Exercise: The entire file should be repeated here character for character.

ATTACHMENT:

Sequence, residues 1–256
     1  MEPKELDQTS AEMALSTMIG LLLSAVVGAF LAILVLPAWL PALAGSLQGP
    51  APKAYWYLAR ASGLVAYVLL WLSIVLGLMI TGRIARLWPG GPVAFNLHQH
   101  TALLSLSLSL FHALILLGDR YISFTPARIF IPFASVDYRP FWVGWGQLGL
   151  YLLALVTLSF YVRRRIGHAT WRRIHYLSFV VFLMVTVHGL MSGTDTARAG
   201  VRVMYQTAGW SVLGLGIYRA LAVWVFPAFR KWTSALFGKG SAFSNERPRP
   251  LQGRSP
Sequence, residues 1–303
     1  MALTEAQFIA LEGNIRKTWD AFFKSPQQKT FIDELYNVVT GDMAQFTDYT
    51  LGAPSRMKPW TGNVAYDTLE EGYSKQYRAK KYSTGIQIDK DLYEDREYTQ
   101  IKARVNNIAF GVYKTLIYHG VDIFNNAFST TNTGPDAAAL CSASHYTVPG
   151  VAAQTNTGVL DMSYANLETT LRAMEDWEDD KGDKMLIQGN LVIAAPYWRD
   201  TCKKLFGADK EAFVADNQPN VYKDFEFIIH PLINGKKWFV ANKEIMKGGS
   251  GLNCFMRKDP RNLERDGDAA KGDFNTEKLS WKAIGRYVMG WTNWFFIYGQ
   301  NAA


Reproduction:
Sequence, residues 1–256
     1  MEPKELDQTS AEMALSTMIG LLLSAVVGAF LAILVLPAWL PALAGSLQGP
    51  APKAYWYLAR ASGLVAYVLL WLSIVLGLMI TGRIARLWPG GPVAFNLHQH
   101  TALLSLSLSL FHALILLGDR YISFTPARIF IPFASVDYRP FWVGWGQLGL
   151  YLLALVTLSF YVRRRIGHAT WRRIHYLSFV VFLMVTVHGL MSGTDTARAG
   201  VRVMYQTAGW SVLGLGIYRA LAVWVFPAFR KWTSALFGKG SAFSNERPRP
   251  LQGRSP
Sequence, residues 1–303
     1  MALTEAQFIA LEGNIRKTWD AFFKSPQQKT FIDELYNVVT GDMAQFTDYT
    51  LGAPSRMKPW TGNVAYDTLE EGYSKQYRAK KYSTGIQIDK DLYEDREYTQ
   101  IKARVNNIAF GVYKTLIYHG VDIFNNAFST TNTGPDAAAL CSASHYTVPG
   151  VAAQTNTGVL DMSYANLETT LRAMEDWEDD KGDKMLIQGN LVIAAPYWRD
   201  TCKKLFGADK EAFVADNQPN VYKDFEFIIH PLINGKKWFV ANKEIMKGGS
   251  GLNCFMRKDP RNLERDGDAA KGDFNTEKLS WKAIGRYVMG WTNWFFIYGQ
   301  NAA